Andrew Tanenbaum has published the most remarkable email from the man hired by Ken Brown to do a line-by-line comparison of Minix and Linux, Alexey Toptygin, who summarizes his findings and posts them on the Internet:
"Around the middle of April, I was contacted by a friend of mine who asked me if I wanted to do some code analysis on a consultancy basis for his boss, Ken Brown. I ended up doing about 10 hours of work, comparing early versions of Linux and Minix, looking for copied code.
My results are here. To summarize, my analysis found no evidence whatsoever that any code was copied one way or the other."
When he turned in his work, he had a conversation with Brown:
"Apparently, Ken was expecting me to find gobs of copied source code. He spent most of the conversation trying to convince me that I must have made a mistake, since it was clearly impossible for one person to write an OS and 'code theft' had to have occured. So, I guess what I want to say is, pay no attention to this man. . . "
Eric Raymond has also answered Ken Brown's Samizdat. Another very detailed response here, on Newsforge, by Jem Matzan. I'll end your suspense. No, they didn't like it.
"In the history of publishing there has never been a less scrupulous work than this book. It's a stinging insult to real books and genuine authors everywhere, harming the credibility of all of us who write for a living."
Raymond publishes his email to AdTI, who inexplicably (unless the book is an elaborate troll) and foolishly sent him a copy to review:
"Judging by these excerpts, this book is a disaster. Many of the claimed facts are bogus, the logic is shoddy, some of the people you claim to have used as important sources have already blasted you for inaccuracy, and at the end of the day you will have earned nothing but ridicule for it. . . .
"The problems start in the abstract. Software is not composed of interchangeable parts that can be hodded from one project to another like a load of bricks. Context and interfaces are everything; unless it has been packaged into a library specifically intended to move, moving software between projects is more like an organ transplant, with utmost care needed to resect vessels and nerves. The kind of massive theft you are implying is not just contingently rare, it is necessarily rare because it is next to impossible. . . .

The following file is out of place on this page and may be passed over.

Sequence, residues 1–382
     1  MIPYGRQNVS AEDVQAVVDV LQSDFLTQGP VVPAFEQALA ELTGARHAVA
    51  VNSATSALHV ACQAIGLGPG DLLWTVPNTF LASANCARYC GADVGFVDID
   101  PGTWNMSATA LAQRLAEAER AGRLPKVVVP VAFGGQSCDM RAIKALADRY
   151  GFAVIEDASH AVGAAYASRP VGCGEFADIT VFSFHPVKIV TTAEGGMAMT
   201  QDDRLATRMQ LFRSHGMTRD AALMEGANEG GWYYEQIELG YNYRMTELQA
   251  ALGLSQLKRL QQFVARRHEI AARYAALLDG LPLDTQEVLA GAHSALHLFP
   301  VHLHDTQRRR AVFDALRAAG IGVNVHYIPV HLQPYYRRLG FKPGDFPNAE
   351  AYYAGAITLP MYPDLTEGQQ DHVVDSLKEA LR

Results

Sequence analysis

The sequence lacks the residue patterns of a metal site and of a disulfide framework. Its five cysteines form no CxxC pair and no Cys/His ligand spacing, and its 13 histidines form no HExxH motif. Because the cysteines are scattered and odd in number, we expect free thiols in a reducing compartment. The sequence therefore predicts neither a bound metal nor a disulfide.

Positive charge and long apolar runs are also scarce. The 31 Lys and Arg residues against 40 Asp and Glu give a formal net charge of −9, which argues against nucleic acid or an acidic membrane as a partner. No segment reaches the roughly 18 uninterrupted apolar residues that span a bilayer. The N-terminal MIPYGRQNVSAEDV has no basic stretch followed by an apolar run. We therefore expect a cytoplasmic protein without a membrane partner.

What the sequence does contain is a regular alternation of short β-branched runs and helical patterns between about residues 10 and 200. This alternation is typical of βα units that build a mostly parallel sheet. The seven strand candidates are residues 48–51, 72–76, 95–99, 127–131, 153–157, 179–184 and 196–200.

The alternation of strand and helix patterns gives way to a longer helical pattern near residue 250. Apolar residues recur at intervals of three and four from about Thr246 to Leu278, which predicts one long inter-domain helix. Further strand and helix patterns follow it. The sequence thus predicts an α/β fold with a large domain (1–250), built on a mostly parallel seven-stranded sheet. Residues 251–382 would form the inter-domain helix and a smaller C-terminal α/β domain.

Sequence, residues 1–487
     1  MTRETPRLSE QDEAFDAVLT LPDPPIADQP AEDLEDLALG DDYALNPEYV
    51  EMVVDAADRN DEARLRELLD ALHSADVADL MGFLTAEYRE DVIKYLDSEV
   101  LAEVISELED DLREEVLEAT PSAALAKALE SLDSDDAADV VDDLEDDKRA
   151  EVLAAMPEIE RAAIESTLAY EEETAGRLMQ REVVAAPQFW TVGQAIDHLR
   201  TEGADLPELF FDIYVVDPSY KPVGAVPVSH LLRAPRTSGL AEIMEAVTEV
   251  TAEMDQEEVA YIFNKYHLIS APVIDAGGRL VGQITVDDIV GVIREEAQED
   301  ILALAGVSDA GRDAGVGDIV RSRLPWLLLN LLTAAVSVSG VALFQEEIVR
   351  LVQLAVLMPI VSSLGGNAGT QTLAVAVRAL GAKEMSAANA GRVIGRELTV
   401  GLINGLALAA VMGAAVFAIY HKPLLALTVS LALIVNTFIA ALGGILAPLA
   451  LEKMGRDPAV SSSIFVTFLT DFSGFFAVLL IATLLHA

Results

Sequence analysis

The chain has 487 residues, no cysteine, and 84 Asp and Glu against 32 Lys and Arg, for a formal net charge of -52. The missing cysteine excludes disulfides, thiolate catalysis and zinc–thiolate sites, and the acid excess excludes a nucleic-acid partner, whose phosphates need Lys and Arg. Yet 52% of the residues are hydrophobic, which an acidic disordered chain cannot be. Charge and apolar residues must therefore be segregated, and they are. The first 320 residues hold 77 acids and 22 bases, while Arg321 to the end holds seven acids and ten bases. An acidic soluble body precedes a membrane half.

"Your account of the legal disclosure history of the Unix source code is seriously wrong. Persons authorized by AT&T did, in fact, frequently ship source tapes which contained no copyright notices I know, because I still have some of that source code. . . .
"I began reading the excerpts skeptical of the widespread conspiracy theory that this book is a paid hatchet job commissioned by Microsoft. Now I find this theory much more credible. I can't imagine how anyone would want their names on a disgrace like this unless they were getting paid extremely well for undergoing the humiliation. . . .
"You claim that 'To date no other product comes to life in this way', presenting Linux as a unique event that requires exceptional explanations. This is wrong. Many other open-source projects of the order of complexity of the early Linux kernel predated it; the BSD Unixes, for example, or the Emacs editor. Torvalds was operating within an established tradition with well-developed expectations.
"'Is it possible that building a Unix operating system really only takes a few months and, oh by the way, you don't even need the source code to do it?' Yes, it is possible, because there are published interface standards. I might have done it myself if it had occurred to me to try in fact, I have sometimes wondered why it didn't occur to me.
"As for whether it was possible to produce Linux in the amount of time involved it is never wise to assume that genius programmers cannot do something because the incompetent or mediocre cannot. Especially when, as in Linus's case, the genius already has a clear interface description and a mental model of what he needs to accomplish. . . .
"You propose that the absence of credits to developing countries might be evidence of some sinister memory-hole effect. The true explanation is much simpler: developing countries don't have Internet. There is a straight-up geographical correlation between contributions to open-source projects and Internet penetration."
There is a great deal more, and I encourage you to visit all four sites, to get the complete picture. Honestly, how incompetent must you be to think attacking Linus Torvalds' integrity is a good strategy? He is loved and admired internationally by folks who do understand the code, unlike Mr. Brown, and everyone knows such a man would never knowlingly steal anyone's code, period. Nobody else would either. It's not the FOSS way.